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Facebook Moms Tracking Local Bear's Comings And Goings



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Anne Scarpa on May 26 thought she saw a dog in her yard from an upstairs window, then realized it was a bear. She and her daughter quickly took pictures as the bear “ate some vegetation, then went through a split rail fence.” She said it went in the direction of Bennetts Bridge. Ms Scarpa described the bear as “very cute and mellow.” She said its movements were slow and it was “doing nothing too destructive.”

Ms Scarpa soon learned about a Facebook page, Newtown Moms Unite, where other residents had been posting accounts of bear sightings in late May. Locations for the bear, based on the Facebook posts and inquiries either sent to or shared with The Bee, track its locations in Sandy Hook along roads off Berkshire Road (Route 34) on the Lake Zoar side, from Great Quarter Road, and moving west along the river toward Stonebridge Road, Gelding Hill Road, Founders Lane, Jeremiah Road, and Cider Mill.

The young black bear in Newtown most likely is the same bear that state officials tranquilized last month in Shelton and transported to a Newtown forest, Animal Control Officer Carolee Mason confirmed. The sightings have prompted some social media and e-mail activity.

Frank Rohrbacher on May 28 had sent an e-mail shared with The Bee that inquired why the Shelton bear was dropped in Newtown — a question he also posed to First Selectman Pat Llodra, Police Chief Michael Kehoe, and Ms  Mason.

He noted a May 14 posting that appeared online in the Valley Independent Sentinel, called “Shelton Bear Captured While Heading Downtown.”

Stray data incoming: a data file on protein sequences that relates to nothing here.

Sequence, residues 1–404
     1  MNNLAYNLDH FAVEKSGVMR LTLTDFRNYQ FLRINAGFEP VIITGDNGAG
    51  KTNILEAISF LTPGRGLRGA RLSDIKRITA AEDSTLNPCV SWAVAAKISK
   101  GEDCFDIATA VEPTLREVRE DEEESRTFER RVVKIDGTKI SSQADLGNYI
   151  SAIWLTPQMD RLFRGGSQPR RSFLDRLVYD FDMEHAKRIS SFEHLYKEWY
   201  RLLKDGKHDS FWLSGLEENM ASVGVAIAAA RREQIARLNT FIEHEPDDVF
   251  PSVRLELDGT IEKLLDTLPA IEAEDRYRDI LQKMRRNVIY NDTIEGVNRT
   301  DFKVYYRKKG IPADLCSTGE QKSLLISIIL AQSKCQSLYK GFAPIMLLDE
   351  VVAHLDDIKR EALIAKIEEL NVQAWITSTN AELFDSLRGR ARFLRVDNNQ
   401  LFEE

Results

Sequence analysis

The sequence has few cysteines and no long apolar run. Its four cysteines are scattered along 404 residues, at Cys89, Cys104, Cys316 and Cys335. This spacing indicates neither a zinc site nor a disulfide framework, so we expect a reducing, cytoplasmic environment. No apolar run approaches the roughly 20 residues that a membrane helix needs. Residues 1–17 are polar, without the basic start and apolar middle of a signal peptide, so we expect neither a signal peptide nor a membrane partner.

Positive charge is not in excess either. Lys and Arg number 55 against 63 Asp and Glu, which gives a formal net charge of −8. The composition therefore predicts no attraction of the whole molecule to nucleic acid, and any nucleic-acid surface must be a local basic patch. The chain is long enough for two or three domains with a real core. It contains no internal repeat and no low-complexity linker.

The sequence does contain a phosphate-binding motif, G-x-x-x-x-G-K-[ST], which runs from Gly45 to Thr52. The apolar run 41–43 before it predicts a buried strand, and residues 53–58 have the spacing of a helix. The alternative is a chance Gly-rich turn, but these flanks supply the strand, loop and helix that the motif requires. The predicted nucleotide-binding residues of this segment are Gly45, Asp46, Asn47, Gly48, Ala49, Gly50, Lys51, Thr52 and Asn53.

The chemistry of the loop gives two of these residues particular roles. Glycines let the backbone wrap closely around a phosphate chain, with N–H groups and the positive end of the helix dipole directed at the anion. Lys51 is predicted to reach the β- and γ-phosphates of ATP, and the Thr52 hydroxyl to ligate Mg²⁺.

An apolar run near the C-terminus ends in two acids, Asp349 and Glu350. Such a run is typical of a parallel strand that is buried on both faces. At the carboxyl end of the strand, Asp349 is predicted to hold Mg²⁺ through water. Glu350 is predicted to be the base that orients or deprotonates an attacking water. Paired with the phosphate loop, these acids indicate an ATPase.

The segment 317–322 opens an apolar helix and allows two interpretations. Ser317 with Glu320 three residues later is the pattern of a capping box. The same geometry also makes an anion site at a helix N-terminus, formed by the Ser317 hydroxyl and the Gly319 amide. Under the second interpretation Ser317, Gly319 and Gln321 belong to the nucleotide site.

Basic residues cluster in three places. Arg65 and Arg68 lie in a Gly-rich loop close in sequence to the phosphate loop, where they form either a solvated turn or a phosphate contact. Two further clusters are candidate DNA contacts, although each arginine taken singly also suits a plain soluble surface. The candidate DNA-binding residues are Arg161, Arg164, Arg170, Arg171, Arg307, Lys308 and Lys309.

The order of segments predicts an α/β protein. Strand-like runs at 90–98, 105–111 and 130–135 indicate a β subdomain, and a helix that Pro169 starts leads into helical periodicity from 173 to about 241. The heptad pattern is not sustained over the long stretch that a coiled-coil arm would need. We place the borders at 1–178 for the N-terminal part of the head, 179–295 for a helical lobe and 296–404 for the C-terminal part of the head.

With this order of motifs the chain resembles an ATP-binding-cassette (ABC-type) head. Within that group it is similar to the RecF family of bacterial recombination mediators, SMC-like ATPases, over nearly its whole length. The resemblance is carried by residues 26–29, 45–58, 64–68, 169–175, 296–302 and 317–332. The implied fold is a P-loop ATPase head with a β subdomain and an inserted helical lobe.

In his e-mail Mr Rohrbacher stated that neighbors living on the end of Stonebridge Road told him that a bear a day earlier was drinking out of the birdbath in their yard.

“This is unacceptable,” Mr Rohrbacher had written. He questions why the bear was placed on Newtown’s side of the river, “where the bear cannot migrate upstate. Families in Newtown are now affected and Shelton is not,” he wrote.

Mrs Llodra had replied, saying that Ms Mason was “probably the best person,” to respond to his questions.

Newtown Moms Unite Facebook Page member Sandra Madrid was one of several residents in late May to post information about the bear. On May 17 she attached a 50-second video, with the note: “Here’s the video from yesterday’s bear visit on Jeremiah Road. A black bear wanders into view at the edge of a lawn where it had stepped out of a shady, wooded area. After waiting for more than 30 seconds, a man’s voice is heard shouting, ‘hey,’ but rather than running back toward the woods, the bear just looks toward the voice.”

Ms Scarpa, on May 27, posted a photo of a black bear with the comment: “Just saw a medium size bear in my backyard on Gelding Hill. The bear is near a fence and appears to be moving toward a tree and shade.”

Also found on the Newtown Moms Unite page, Great Quarter Road resident Aimee Tabor on May 28 wrote: “Bear cub sighting on Great Quarter Road off Lake Zoar. I was walking the dog this morning and a neighbor driving by warned me he just saw it. Might explain my dog’s weird behavior last week — on a walk at around the same spot, he planted his feet and refused to go further (something he never does on walks).”

On May 30 resident Rhonda Cullens posted the message: “I saw a bear on Founder’s Lane tonight around 7:30. It was heading towards Yogananda.”

She also commented that she was not sure if this was the same bear seen a day earlier on Great Quarter and Stonebridge Roads.

Several residents as of May 28 had also contacted town officials and notified The Bee of their concerns.

Mary Reeds of Cider Mill Roa, sent an e-mail on May 28 indicating some questions she had seen online. Should residents call animal control to report a sighting? Has the bear population really increased or are the bears getting bolder around humans? What should residents do to keep bears out of the yard, and what should people do if they see a bear?

While the Department of Energy and Environmental Protection (DEEP) Sergeant Jeff Samorjczyk could not be reached to respond, Ms Mason, who has spoken with him about the bear, said that the DEEP officials “chose the Newtown forest” for the Shelton bear’s release.